L.A. Unified paid Berndt a settlement of $40,000 rather than risk the cost and uncertain outcome from an appeals panel that might not have access to the police evidence.

SB 1059, sponsored by Republican Senate Leader Bob Huff of Diamond Bar, addresses similar issues but failed to make it out of the Senate Education Committee. Its twin in the state Assembly did survive in an amended form in the Education Committee of that house. The legislation, AB 2028 is sponsored by Steve Knight (R-Antelope Valley) and Cameron Smyth (R-Santa Clarita). It amends the dismissal process for a broader range of offenses than the Padilla bill.

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Miramonte Elementary to get new parents center

Miramonte Elementary, the school where a former teacher faced misconduct charges, will have a new parents center next fall.

The $143,535 project to relocate and update the center won unanimous approval Tuesday from the Los Angeles Board of Education. The effort at Miramonte, which is located in unincorporated Florence-Firestone, is part of a $20-million districtwide initiative authorized in June 2011.

Miramonte Elementary burst into the news in February with the arrest of Mark Berndt, who has pleaded not guilty to 23 counts of lewd conduct. A second teacher, Martin Springer, was later arrested on lewd conduct charges and has pleaded not guilty. L.A. schools Supt. John Deasy decided to replace the school’s entire staff, saying teachers and other employees would be allowed to return next year when all investigations were complete.

At least five updated parent centers have been finished across the nation’s second-largest school system, and a group of 22 more were approved for construction in February. About 300 schools will eventually benefit.

The timetable for the Miramonte upgrade was accelerated in response to the teachers' arrests and also because the school was moving next fall from a year-round schedule to a traditional calendar.

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Parents to learn of school sex misconduct allegations in 72 hours

Parents will be notified within 72 hours when a teacher is removed from a classroom because of sexual-misconduct allegations, Los Angeles school officials announced Thursday.

The new policy addresses parent anger in the wake of the arrests of several teachers and other Los Angeles Unified School District employees.

“The spate of cases involving sexual misconduct in recent months has prompted a re-evaluation of our reporting procedures,” said Supt. John Deasy in a statement.

Parents at Miramonte Elementary in unincorporated Florence-Firestone were upset that they received no explanation when veteran teacher Mark Berndt was pulled from class early in 2011. A year later, Berndt was charged with 23 counts of lewd conduct; he has pleaded not guilty.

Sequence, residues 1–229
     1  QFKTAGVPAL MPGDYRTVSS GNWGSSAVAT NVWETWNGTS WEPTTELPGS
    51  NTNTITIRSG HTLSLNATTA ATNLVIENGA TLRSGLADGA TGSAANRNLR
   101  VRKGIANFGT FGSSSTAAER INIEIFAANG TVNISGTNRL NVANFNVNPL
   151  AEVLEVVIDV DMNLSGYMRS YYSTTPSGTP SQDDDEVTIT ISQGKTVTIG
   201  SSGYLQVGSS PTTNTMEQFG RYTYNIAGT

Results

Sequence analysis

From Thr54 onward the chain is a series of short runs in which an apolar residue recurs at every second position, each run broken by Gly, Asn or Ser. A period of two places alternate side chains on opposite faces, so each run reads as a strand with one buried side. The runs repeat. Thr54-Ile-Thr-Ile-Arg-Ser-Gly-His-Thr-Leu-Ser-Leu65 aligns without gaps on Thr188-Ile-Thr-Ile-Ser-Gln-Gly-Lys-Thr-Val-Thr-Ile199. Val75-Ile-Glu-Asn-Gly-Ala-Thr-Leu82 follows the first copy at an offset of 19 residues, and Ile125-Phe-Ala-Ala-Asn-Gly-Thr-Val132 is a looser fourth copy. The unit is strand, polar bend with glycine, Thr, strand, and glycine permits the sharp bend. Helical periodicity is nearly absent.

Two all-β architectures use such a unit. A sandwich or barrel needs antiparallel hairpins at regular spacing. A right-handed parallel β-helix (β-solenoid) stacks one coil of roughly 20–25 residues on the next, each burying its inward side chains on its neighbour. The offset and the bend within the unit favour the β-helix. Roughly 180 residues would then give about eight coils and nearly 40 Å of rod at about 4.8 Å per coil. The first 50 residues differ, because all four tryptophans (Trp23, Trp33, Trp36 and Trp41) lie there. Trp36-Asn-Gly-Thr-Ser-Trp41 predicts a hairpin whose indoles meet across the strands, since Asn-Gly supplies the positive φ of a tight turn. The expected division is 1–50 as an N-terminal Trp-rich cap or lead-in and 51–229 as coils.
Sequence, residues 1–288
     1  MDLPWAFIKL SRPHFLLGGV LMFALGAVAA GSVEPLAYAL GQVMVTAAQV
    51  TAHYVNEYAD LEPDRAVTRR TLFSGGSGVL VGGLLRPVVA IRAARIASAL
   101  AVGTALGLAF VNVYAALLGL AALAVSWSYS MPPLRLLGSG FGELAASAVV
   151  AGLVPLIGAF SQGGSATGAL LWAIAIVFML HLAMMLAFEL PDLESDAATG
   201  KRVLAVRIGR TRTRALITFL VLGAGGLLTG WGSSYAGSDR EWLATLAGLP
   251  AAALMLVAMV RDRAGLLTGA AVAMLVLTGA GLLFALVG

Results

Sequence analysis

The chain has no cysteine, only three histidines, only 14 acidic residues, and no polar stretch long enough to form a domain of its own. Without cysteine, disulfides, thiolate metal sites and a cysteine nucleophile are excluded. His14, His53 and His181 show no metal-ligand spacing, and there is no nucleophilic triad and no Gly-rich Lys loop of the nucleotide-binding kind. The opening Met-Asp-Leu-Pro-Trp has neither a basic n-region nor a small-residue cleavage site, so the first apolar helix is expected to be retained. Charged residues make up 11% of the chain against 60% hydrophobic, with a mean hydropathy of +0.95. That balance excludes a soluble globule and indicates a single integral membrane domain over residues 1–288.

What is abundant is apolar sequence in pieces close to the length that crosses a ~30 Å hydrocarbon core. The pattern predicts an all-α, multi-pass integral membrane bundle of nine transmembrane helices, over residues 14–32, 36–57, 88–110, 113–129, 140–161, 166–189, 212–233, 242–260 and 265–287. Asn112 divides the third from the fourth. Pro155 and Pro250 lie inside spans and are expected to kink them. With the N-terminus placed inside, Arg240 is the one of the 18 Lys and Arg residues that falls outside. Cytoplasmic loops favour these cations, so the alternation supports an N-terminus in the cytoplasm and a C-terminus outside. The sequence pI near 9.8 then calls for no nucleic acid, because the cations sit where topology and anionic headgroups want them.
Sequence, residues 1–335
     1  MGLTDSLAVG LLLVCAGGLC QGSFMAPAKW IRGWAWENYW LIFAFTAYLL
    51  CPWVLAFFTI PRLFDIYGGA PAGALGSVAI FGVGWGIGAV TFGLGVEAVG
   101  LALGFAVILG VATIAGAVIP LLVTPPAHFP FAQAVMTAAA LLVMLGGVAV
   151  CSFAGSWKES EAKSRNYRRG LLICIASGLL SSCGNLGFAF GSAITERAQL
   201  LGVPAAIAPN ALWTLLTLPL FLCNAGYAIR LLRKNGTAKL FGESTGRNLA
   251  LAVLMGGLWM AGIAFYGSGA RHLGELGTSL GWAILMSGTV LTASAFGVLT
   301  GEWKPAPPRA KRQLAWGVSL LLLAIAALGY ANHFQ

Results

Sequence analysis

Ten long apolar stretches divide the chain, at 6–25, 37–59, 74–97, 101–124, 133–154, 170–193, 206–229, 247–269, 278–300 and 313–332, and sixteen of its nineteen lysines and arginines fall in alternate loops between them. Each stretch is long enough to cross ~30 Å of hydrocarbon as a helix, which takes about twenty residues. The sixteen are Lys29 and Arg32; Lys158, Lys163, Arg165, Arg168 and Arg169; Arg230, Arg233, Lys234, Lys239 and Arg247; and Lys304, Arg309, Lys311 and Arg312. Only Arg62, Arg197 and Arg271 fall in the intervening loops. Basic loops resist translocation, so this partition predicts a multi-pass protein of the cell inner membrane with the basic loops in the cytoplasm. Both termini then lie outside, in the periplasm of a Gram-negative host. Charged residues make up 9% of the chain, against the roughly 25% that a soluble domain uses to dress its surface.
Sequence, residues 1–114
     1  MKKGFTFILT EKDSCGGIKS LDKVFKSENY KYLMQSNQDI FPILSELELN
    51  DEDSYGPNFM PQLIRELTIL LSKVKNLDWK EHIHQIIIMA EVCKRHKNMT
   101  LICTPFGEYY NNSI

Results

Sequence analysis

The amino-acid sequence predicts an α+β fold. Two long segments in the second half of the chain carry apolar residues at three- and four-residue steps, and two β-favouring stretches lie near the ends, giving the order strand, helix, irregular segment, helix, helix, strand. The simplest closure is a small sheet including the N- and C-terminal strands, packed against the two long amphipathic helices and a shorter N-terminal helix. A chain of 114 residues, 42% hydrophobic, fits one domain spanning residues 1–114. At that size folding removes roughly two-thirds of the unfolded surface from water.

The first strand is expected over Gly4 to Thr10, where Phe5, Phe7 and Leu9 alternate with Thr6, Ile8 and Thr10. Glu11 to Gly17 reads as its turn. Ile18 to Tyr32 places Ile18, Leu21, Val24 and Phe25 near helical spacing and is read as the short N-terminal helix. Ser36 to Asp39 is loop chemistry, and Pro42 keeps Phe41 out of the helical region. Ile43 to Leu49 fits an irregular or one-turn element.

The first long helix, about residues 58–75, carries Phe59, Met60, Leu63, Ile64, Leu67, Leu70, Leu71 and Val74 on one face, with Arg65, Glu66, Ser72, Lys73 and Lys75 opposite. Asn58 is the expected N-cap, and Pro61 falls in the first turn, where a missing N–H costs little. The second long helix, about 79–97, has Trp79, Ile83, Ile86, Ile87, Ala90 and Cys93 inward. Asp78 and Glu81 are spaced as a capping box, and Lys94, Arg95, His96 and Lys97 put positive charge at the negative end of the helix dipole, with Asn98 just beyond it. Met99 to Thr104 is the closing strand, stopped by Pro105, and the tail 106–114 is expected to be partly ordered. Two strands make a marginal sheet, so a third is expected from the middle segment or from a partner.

Before the arrest, the school district and detectives limited the release of even partial information to those interviewed as part of the investigation. They said they didn’t want to risk compromising the probe.

At Telfair Elementary in Pacoima, parents and school employees received no explanation even after former teacher Paul Chapel had been in jail for months. Local school board member Nury Martinez learned of it from the media. Chapel has pleaded not guilty to 16 counts of lewd acts and continuous sexual abuse of four students.

Previous policy specified no deadline for informing parents, creating the impression that L.A. Unified was deliberately withholding information, Deasy said.

But the district has been criticized for doing exactly that. Some say the school system has resisted issuing any notification, even under pressure.

When contacted this year about a former music instructor accused of misconduct, for example, Hamilton High Principal Gary Garcia said parents and students had received no information about the teacher. Nor had he, Garcia added.

At the time, the district was being sued by a former student of Vance Miller’s, who alleged that the two had a sexual relationship when the boy was Miller’s student. Miller, through an attorney, has denied wrongdoing. The district fired Miller in February.

One reason for the enforced secrecy has been to protect the privacy of employees — who could be innocent — and of potential victims.

The district’s prior policy, in 2008, does not require any public or parental notification. It simply specifies that any release of information must be authorized by senior officials.